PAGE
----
The protein Nova controls tissue-specific splicing events in the mammalian brain and illustrates how alternative splicing can generate increased diversity of the proteome. Nova-1 binds to conserved sites in both introns and exons, and the presence of these sites has been used to map the probable splicing events affected by Nova (Ule et al 2006). The phenotype of the Nova deficient mouse highlights the important of these splicing events in vivo; the mouse dies shortly after birth from motor defects (Jensen et al 2000).
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Messenger mRNA exists for any transcribed gene, of which there are over 20,000 in the human genome. Futhermore, alternative splicing creates multiple mRNA transcripts from these genes. The β-globin mRNA has been well studied (West et al 2008).
Messenger RNA is usually abbreviated as mRNA. In the nucleus, pre-mRNA is transcribed, and this precursor RNA makes up the majority of heterogenous nuclear RNA (hnRNA). After splicing and nuclear export to the cytoplasm it is called mRNA, and is then considered to be mature. Particular mRNAs can be referred to by the protein that they encode. Alternatively splice mRNAs can be referred to by the protein’s particular isoform, and newer classification systems based on the splicing events conducted have also been devised (Sammeth et al 2008).
Injection of messenger RNA encoding tumor antigens to mice as a means of immunization against tumor growth has been investigated, and investigators have also used cDNA injections as a vaccination tool. Injection of dendritic cells transfected with antigen-coding mRNAs appears to have some efficacy in vivo, but direct injection of mRNA appears to be less effective at breaking tolerance to tumors (Hess et al 2006).
The first description of mRNA was made by Elliot Volkin and Lazarus Astrachan in 1956, although its role was not appreciated (Volkin et al 1956). These investigators found that infection of E. coli with bacteriophage led to the synthesis of a new RNA species distinct in its base composition. It was later shown that the base composition of this new minor RNA species mirrored that of the bacteriophage. In 1961, it was appreciated that ribosomes were the site of protein synthesis and that DNA stored genetic material. The method of protein synthesis was unclear, as was the mediator that carried the information from DNA to the ribosomes. However, Lester Goldstein and Walter Plaut had radiolabeled RNA and observed its synthesis in the nucleus prior to movement to the cytoplasm in 1955 (Goldstein et al 1955). Sydney Brenner, Francois Jacob, and Matthew Meselson conducted experiments to show that phage infection was followed by synthesis of new RNA but not ribosomes, thus discounting the hypothesis that individual ribosomes might be made specifically for each protein (Brenner et al 1961). In 1961, it was also discovered that protein synthesis occurred in a linear manner from the N to C terminus of the protein. Reticulocytes, isolated for their almost exclusive synthesis of hemoglobin, were shown to incorporate new radiolabeled nucleotides only at the C-terminal end of newly formed hemoglobin (Dintzis et al 1961). Finally, the function of mRNA was more firmly establish in 1970 when mRNA coming off of extruded nuclear DNA was shown to be bound directly by multiple ribosomes (Miller et al 1970).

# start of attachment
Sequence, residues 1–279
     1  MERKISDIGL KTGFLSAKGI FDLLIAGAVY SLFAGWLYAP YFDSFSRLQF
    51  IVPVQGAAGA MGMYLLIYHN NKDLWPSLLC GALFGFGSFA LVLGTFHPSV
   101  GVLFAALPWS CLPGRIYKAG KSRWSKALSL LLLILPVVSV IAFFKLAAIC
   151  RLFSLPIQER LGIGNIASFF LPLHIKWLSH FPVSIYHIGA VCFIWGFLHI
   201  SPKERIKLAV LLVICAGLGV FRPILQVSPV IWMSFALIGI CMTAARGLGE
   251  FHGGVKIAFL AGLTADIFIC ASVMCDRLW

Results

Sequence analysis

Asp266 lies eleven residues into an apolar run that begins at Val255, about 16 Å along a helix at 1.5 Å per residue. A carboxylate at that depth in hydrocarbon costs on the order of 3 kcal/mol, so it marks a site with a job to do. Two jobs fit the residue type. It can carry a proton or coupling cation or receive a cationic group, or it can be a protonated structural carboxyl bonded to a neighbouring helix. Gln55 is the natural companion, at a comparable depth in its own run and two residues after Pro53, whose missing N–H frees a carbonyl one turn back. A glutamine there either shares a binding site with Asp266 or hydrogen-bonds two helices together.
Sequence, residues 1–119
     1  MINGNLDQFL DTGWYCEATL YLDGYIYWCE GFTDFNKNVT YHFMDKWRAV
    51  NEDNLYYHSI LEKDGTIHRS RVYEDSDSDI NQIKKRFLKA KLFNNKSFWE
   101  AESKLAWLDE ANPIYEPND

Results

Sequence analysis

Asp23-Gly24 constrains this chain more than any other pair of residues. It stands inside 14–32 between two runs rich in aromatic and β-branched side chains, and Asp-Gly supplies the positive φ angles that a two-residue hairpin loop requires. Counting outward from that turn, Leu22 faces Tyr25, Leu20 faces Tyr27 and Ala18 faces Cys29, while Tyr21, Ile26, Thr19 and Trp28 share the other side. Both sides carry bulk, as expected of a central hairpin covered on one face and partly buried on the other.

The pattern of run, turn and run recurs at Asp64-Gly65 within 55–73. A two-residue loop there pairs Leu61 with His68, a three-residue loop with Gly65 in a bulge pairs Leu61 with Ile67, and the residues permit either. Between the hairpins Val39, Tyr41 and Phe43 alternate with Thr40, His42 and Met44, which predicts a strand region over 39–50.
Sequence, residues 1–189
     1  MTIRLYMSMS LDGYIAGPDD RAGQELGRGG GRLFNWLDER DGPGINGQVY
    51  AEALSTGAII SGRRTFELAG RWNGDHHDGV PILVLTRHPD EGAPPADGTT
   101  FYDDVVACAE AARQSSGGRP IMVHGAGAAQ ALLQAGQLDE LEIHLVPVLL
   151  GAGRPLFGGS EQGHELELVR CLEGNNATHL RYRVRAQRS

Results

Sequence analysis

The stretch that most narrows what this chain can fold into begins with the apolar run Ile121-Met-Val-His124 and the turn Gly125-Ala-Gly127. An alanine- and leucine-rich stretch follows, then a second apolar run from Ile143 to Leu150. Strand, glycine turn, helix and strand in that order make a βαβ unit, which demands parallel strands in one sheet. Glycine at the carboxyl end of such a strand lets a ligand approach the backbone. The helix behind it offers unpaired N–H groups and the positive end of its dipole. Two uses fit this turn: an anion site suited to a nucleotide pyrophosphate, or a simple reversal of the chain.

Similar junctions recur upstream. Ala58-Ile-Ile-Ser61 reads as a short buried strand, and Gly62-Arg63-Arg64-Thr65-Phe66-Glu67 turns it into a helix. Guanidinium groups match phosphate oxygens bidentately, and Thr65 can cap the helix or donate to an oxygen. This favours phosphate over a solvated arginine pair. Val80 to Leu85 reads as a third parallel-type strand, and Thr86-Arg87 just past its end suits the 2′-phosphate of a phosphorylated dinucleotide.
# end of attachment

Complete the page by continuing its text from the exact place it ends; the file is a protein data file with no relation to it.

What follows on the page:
General defects in RNA processing pathways are not observed, because these mutations are embryonic lethal. However, a few mutations affecting splicing only a subset of genes have been described (Phillips et al 1999). Also, individual genes may be inappropriately spliced when mutated, and the microtubule-binding protein tau is one such example. Changes in splicing of CD44 is associated with the acquisition of metastatic potential by human tumors.